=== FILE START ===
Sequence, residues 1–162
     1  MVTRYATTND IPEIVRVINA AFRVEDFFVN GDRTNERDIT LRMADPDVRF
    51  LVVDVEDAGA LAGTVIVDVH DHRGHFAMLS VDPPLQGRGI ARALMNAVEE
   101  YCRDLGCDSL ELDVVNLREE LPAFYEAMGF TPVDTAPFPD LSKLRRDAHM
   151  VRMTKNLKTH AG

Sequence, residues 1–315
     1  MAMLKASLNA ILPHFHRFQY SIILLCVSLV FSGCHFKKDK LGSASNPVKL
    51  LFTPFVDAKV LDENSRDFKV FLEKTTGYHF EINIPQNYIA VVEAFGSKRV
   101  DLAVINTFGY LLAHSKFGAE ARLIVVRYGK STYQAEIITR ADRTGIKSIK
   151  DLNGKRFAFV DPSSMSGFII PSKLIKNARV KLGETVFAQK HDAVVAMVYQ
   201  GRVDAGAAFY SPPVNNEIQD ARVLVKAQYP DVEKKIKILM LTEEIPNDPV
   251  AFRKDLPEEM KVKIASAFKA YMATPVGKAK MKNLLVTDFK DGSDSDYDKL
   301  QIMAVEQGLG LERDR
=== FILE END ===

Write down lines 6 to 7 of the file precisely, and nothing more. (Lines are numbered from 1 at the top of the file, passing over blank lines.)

Sequence, residues 1–315
     1  MAMLKASLNA ILPHFHRFQY SIILLCVSLV FSGCHFKKDK LGSASNPVKL